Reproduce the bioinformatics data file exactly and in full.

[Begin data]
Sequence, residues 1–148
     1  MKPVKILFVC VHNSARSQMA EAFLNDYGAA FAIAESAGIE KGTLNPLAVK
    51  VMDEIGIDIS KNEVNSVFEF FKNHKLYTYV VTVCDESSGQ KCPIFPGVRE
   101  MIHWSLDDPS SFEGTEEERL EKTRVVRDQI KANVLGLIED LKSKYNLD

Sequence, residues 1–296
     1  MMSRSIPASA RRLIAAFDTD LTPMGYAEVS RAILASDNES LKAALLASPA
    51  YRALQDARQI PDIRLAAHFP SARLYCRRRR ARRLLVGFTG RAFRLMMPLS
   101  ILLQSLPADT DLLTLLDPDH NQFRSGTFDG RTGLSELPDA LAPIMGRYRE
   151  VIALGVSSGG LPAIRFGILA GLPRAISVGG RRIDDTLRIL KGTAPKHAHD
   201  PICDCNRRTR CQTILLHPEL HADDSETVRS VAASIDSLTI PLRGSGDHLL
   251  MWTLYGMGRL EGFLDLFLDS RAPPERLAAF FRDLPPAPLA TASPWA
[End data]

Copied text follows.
Sequence, residues 1–148
     1  MKPVKILFVC VHNSARSQMA EAFLNDYGAA FAIAESAGIE KGTLNPLAVK
    51  VMDEIGIDIS KNEVNSVFEF FKNHKLYTYV VTVCDESSGQ KCPIFPGVRE
   101  MIHWSLDDPS SFEGTEEERL EKTRVVRDQI KANVLGLIED LKSKYNLD

Sequence, residues 1–296
     1  MMSRSIPASA RRLIAAFDTD LTPMGYAEVS RAILASDNES LKAALLASPA
    51  YRALQDARQI PDIRLAAHFP SARLYCRRRR ARRLLVGFTG RAFRLMMPLS
   101  ILLQSLPADT DLLTLLDPDH NQFRSGTFDG RTGLSELPDA LAPIMGRYRE
   151  VIALGVSSGG LPAIRFGILA GLPRAISVGG RRIDDTLRIL KGTAPKHAHD
   201  PICDCNRRTR CQTILLHPEL HADDSETVRS VAASIDSLTI PLRGSGDHLL
   251  MWTLYGMGRL EGFLDLFLDS RAPPERLAAF FRDLPPAPLA TASPWA